The reason that oil manufacturers were required to drop the ZDDP levels to 0.08% was to reduce "poisoning" of exhaust components (cat converters) with phosphorous, to keep auto manufacturers on track with 10 year/100,000 mile exhaust systems. Similar to "lead poisoning" of converters prior to the unleaded gas mandate back in the '70s.

This began in 2006.

Its a fine line to walk. Concentration of 0.12 - 0.14% seems sufficient for lubrication quality, yet does not poison converters in healthy vehicles. Curiously, concentrations above 0.2% appear to be detrimental to engines, and can also shorten engine life.

Lots of info on the web. Believe what you wish!

Salud-
Ric
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PostPosted: Mon Feb 18, 2008 1:57 pm    Post subject: Reply with quote

OK I am really getting cornfused on all this oil info. I am not a chemist nor mechanic. Shell Rotella T 15W-40 is what I use in my 1.9 ltr. WBX. I read the article suggested by multimac, The article said the oil was formulated for engines built before 1973 with flat tappets and is not to be used in a car with a catalytic converter. Motorhead Classic Hi-Z motor oil, 15W-40, zinc/phosphorous level .125 percent. $14.50 Gal. multimac you are going to use it in your 84 WBX ? Do you not have a catalytic converter ? Do the 1.9 ltr. WBX's have flat tappets ?
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PostPosted: Mon Feb 18, 2008 6:26 pm    Post subject: Reply with quote

Man they make it difficult to find this stuff on the websites, but since I found it I thought I would share it. This is what I have been using on my '87. I see that the zinc level is 0.09 ! ... too low!
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PostPosted: Mon Feb 18, 2008 6:55 pm    Post subject: Reply with quote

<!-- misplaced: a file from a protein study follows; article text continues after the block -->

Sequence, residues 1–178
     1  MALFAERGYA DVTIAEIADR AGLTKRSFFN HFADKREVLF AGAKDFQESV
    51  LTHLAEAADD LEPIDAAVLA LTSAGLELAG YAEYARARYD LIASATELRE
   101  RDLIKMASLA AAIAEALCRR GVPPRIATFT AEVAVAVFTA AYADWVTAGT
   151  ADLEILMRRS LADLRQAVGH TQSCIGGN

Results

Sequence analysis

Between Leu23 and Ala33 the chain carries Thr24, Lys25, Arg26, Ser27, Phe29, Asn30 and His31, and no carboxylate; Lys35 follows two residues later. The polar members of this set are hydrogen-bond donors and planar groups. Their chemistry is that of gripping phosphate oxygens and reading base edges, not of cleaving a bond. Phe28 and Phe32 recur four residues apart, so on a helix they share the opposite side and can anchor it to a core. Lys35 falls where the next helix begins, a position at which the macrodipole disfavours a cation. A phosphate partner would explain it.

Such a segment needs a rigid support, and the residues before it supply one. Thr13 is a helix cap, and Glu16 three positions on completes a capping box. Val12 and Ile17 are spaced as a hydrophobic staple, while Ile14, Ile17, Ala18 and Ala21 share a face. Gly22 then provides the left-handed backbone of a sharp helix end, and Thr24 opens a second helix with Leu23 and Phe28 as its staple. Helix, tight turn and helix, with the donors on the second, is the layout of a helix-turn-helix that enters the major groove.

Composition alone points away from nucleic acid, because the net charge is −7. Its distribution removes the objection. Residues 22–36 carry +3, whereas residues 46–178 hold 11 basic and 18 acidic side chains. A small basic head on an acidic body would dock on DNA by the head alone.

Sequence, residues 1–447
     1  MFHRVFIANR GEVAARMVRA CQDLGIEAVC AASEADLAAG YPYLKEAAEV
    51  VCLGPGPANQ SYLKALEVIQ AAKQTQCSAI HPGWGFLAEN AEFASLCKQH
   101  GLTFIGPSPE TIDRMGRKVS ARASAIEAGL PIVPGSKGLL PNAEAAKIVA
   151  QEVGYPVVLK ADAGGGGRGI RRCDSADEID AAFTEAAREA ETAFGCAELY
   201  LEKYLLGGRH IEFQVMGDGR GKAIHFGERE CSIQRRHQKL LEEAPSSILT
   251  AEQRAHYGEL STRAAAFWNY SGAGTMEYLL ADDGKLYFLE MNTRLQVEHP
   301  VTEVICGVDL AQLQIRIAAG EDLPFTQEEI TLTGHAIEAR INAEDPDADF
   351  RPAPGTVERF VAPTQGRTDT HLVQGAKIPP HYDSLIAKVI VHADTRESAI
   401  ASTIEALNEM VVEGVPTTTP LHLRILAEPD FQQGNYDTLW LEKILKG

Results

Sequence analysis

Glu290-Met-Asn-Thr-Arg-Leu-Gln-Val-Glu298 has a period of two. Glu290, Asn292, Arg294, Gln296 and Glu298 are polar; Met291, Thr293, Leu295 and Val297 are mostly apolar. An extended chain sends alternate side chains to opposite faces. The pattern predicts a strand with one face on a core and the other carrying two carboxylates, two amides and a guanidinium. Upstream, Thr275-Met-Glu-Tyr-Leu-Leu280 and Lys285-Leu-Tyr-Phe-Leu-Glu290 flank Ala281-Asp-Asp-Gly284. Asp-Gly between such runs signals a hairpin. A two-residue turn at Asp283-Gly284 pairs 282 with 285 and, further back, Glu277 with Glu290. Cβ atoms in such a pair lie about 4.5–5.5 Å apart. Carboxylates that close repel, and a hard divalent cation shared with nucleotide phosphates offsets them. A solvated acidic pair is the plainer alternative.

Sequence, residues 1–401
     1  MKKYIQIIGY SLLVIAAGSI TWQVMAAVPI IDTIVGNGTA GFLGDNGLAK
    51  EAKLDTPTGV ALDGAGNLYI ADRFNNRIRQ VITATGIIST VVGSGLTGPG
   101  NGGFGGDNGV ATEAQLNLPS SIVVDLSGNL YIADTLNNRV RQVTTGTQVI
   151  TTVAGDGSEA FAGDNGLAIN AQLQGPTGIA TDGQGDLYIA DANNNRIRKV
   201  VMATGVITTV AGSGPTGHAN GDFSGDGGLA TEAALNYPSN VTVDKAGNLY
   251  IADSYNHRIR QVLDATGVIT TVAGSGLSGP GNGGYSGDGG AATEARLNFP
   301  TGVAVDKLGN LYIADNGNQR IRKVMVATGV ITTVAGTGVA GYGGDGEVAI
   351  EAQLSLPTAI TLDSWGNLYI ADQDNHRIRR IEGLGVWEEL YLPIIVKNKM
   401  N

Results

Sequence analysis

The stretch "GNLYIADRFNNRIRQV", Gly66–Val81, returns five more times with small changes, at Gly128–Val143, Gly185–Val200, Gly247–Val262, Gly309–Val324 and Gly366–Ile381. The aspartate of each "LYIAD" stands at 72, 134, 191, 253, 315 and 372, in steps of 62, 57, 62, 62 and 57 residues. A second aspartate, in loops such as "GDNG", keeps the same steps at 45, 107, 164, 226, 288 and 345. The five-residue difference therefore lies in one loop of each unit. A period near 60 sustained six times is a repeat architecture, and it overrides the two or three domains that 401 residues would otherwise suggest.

If you read the sites data, and/or TENCENTLIFE's excellent write-up he did about a month or so ago, it would be alot easier to understand. Here's some help: newer automotive engines are equipped with roller tappets (lifters), and therefore do not have the friction and wear between the cam lob and lifters. Because of these roller tappets, and catalitic converters, ZDDP levels in newer oils dropped below .10, and our VW engines (along with any other engine not equipped with roller tappets) will wear sooner in the area of cam lobe and lifters with the newer, lower level ZDDP oils. Also, "cat" equipped cars can plug at around 100,000 miles due to the added (higher levels) of zinc (ZDDP), so if you're running a cat in your exhaust, be aware that the higher levels can cause plugging. So, ZDDP keeps down wear on the cam lobes and lifters, but can cause the catalitic to plug.

For some time, you could buy diesel rated oils that had higher levels of ZDDP, but even they now have lower than required levels of ZDDP (.09 or less).

Solution? Buy a ZDDP and phosphorous additive as mentioned in the beginning of this thread. This way you can buy and use the newer oils that are now being sold at your FLAPS, and add the required ZDDP that will reduce wear in the area of the cam lobes and tappets/lifters.

I have over 174,000 miles on my 1.9. This was due in major part in using oils with a good content of wear reducers (ZDDP).